The 2019 Merlot, which has low alcohol, has a classic cherry nose, a hint of wood and violets, It is crisp dry and intense, with some herbal notes. It needs and will get time. Perfumed
Nic was previously winemaker at Warwick where he won accolades and much respect. He has both a Bachelor of Science Degree in Agriculture (Oenology and Viticulture) and a Bachelor of Commerce Degree from Stellenbosch University - very useful in our industry to have both! We tasted the 2019 Cabernet Sauvignon out of barrel. A classic cassis Cabernet nose, some cassis leaves, incense wood. Grippy chalky tannins are what one expects on one's palate with young Cabernet. Good dark berry fruit, lots of balancing fruit acids, green leaves and wood. And on the end palate it is warm and spicy. Seems to have everything going for it to produce a long lasting Cabernet. One to watch. The 2019 Cabernet Franc had that wildness and savoury umami that one expects, mulberry and raspberry fruit with some nice toasted marshmallow wood. Beautiful raspberry fruit on the palate, stony minerality, toasted wood, reminds one of Pinot Noir at the moment. Long flavours, with chalk on the end and then wood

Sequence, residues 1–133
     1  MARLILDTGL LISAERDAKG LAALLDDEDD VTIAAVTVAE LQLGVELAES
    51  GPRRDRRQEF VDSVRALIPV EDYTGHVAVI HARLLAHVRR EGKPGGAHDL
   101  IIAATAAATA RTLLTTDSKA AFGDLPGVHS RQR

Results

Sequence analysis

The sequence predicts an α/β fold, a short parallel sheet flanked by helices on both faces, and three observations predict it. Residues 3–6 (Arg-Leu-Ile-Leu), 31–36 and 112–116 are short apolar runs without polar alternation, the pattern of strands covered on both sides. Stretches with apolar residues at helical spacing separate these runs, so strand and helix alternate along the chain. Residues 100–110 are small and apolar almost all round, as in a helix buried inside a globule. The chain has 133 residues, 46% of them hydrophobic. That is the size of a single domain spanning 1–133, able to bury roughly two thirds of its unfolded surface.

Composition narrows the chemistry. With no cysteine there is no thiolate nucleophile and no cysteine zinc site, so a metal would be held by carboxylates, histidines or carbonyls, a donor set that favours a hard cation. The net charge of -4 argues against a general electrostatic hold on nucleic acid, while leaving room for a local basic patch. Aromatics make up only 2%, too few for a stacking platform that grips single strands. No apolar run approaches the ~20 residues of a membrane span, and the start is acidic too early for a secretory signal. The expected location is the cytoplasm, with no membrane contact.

They have this old Mercedes truck on the farm and would love to sell it
Anyone need parts, or a restoration project?
Notebook comes out, wines on their way
This is the Tasting Room Price List, which we followed with a few additions
The white Blend known as <CL° contains 75% Chenin, 25% Chardonnay and has 14% alcohol
Dusty nose of chenin, grapey, crisp first then fruity, with passion fruit, guava and gooseberry, a good mouthfeel, round and full
Lots of flavour and a hint of the 20% old barrels used on the end
The interesting back label. R5 from each bottle sold goes to a local Childcare centre
A close look at the back label tells the story of the name. CL is the Stellenbosch car number plate
The 2019 Chenin Blanc has gone through natural fermentation in 20% new oak